ILLINOIS APPELLATE COURT FIRST DISTRICT (1ST DIVISION) JUDGMENT AFFIRMED.
OPINION FILED MAY 15, 1978.
THE PEOPLE OF THE STATE OF ILLINOIS, PLAINTIFF-APPELLEE,
DERRICK WEST, DEFENDANT-APPELLANT.
APPEAL from the Circuit Court of Cook County; the Hon. THOMAS
R. CASEY, JR., Judge, presiding.
MR. PRESIDING JUSTICE GOLDBERG DELIVERED THE OPINION OF THE COURT:
After a bench trial, Derrick West (defendant) was convicted of theft by possession and sentenced to imprisonment for 90 days. (Ill. Rev. Stat. 1975, ch. 33, par. 16-1(d)(1).) In his appeal, defendant argues that the State failed to prove the property was stolen by someone other than himself and failed to prove the defendant knew the goods were stolen when he came into possession of them.
The property involved was two leather jackets which were the property of Michelle Arrington. They were reported stolen by the owner's mother, Minnie Arrington. Mrs. Arrington testified that the jackets were taken from her home during a burglary on December 20, 1976.
Maurice Richard testified for the State that on December 20, 1976, the defendant tried to sell him the two jackets for $50. Richard testified that he asked defendant how he obtained the jackets. The defendant told Richard that he "just did a burglary." Richard stated that he realized the jackets were girl's clothes and were owned by Michelle Arrington.
David Baranski, a Chicago police officer, testified that he arrested the defendant. The defendant denied complicity in any burglary but admitted that he had been in possession of the two jackets and had subsequently sold them for $15 to a man from Detroit, whose address defendant did not know. The defendant testified that on December 20, 1976, he was accosted on the street by a stranger who was carrying two leather jackets. The stranger offered to sell the jackets to the defendant for $15. The defendant bought the jackets because he thought he could resell them at a profit. Defendant also testified that he attempted to sell the jackets to Maurice Richard but denied telling Richard that he got them in a burglary. Defendant categorically denied participating in a burglary.
1 One of the essential elements of the crime of theft by possession is that the property was, in fact, stolen by someone other than the defendant. (People v. Stewart (1960), 20 Ill.2d 387, 392, 169 N.E.2d 796; People v. Weiss (1976), 34 Ill. App.3d 840, 842, 341 N.E.2d 79.) The defendant claims that the State, by offering evidence that he committed the burglary, has failed to prove this element. We do not agree. Mrs. Arrington testified that the coats were stolen. The defendant testified that he bought the coats from a man on the street and denied telling Maurice Richard that he stole the coats. The trial judge was free to believe this testimony and from it draw the conclusion that the jackets had in fact been stolen by someone other than the defendant.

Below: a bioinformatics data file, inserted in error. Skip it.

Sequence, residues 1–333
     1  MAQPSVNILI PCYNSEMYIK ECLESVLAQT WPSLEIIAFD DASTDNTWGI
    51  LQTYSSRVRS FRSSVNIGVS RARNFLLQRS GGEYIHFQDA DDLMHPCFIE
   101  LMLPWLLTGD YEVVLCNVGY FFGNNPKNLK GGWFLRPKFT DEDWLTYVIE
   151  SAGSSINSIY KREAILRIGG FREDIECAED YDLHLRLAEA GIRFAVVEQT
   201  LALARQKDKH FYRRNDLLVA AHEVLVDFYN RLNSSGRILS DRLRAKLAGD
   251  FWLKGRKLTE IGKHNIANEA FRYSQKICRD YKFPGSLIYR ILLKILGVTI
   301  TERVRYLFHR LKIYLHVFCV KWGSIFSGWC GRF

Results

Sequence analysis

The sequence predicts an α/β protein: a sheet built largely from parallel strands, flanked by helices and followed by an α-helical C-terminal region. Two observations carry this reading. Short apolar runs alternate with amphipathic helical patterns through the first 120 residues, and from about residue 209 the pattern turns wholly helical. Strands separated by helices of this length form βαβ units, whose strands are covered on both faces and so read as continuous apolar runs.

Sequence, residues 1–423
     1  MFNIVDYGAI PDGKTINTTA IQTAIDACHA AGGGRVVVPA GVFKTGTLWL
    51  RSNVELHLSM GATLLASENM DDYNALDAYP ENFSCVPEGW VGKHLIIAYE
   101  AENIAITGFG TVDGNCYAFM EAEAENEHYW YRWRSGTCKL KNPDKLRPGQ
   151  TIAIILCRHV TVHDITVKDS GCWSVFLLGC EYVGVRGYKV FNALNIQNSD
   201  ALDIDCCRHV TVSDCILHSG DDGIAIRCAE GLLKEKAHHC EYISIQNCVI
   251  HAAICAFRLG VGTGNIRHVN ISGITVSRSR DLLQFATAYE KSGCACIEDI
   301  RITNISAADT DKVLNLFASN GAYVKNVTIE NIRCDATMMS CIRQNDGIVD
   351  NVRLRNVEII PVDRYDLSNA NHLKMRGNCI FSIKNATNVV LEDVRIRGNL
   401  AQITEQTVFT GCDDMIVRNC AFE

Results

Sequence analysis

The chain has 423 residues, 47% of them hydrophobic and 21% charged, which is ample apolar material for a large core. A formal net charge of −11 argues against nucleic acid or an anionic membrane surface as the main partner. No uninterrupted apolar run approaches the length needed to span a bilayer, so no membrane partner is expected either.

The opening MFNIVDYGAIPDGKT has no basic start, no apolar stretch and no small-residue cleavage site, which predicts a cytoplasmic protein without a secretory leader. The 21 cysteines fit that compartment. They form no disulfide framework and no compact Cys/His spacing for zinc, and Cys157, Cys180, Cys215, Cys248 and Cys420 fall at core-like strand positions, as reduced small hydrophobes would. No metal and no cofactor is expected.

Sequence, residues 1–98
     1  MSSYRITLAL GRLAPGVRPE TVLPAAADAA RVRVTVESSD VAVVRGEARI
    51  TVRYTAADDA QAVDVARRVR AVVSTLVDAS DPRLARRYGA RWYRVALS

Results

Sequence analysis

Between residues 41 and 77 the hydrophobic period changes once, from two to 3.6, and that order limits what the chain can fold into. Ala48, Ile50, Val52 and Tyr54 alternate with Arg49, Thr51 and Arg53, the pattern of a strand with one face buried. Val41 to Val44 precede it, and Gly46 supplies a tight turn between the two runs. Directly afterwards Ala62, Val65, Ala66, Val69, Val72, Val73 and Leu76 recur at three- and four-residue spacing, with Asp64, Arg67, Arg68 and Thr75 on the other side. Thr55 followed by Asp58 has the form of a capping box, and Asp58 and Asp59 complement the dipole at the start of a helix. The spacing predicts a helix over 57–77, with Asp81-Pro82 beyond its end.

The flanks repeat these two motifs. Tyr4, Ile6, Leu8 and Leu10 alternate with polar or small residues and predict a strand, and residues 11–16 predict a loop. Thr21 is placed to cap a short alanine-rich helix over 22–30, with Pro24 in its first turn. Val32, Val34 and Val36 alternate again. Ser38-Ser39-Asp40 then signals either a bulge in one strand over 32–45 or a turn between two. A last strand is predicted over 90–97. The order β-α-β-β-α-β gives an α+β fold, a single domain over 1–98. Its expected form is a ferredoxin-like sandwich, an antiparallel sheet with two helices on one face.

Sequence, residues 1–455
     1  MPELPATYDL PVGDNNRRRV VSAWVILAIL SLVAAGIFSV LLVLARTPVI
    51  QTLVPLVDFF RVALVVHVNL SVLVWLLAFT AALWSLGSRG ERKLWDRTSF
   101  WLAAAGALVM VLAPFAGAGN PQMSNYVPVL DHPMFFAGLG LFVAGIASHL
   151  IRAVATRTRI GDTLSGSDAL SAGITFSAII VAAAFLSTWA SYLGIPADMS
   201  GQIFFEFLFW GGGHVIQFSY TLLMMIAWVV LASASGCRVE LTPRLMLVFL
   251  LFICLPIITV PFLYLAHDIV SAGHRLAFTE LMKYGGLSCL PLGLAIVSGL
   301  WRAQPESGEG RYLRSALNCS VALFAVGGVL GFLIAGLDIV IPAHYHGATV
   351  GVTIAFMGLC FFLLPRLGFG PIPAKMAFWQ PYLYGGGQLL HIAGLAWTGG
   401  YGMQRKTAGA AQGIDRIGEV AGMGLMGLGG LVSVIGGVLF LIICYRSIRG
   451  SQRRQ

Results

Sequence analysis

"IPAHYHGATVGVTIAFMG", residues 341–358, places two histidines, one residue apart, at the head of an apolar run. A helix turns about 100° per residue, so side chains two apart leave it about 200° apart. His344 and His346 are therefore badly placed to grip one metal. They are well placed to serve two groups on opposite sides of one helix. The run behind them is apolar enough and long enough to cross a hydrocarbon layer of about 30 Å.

2 Another essential element of theft by possession is that the receiver of the property knew it was stolen at the time of receiving it. (Stewart, 20 Ill.2d 387, 392; Weiss, 34 Ill. App.3d 840, 842.) Defendant claims that the State failed to prove this element. This argument also lacks merit. As stated by the supreme court (Stewart, 20 Ill.2d 387, 392):
"Guilty knowledge may be established by proof of circumstances which would induce belief in a reasonable mind that the property had been stolen and by the receipt of such property by the accused without inquiry as to its source or the title of the one from whom it was received. Knowledge of the theft need not be actual or positive knowledge which one acquires by personal observation of the fact. It is sufficient if the circumstances accompanying the transaction were such as to make the defendant believe the goods had been stolen."
3 The defendant's own testimony shows that he met a stranger on the street. The defendant bought two leather jackets from this man at a price well below their market value. As defendant himself testified, he thought he could resell the articles at a profit. Defendant then immediately attempted to sell the jackets for more than three times what he paid for them. The defendant did not inquire of the stranger as to how he acquired two used ladies' jackets, nor did the defendant ask the seller for bill of sale or any other proof of ownership. The evidence thus demonstrates that defendant acquired this property "for much less than the real value * * *" and "without inquiry as to its source or the title of the one from whom it was received." People v. Holtzman (1953), 1 Ill.2d 562, 571, 116 N.E.2d 338.
The record here shows testimony by another witness, Maurice Richard, as part of the State's case to the effect that defendant made an extra judicial statement that he himself had stolen the jackets in a burglary. But, in his own testimony defendant denied participation in any burglary and proved that he had knowledge that the articles were stolen at the time he purchased them. Under these circumstances the trial judge could reject the testimony of Maurice Richard concerning defendant's statement and accept defendant's own testimony as sufficient to prove his knowledge that the jackets were stolen. People v. Philyaw (1975), 34 Ill. App.3d 616, 621, 339 N.E.2d 461.
In our opinion the evidence here supports the finding of guilt beyond a reasonable doubt. It is therefore our duty to affirm the judgment. (People v. Akis (1976), 63 Ill.2d 296, 298-99, 347 N.E.2d 733.) The judgment of the trial court is accordingly affirmed.
McGLOON and BUCKLEY, JJ., concur.
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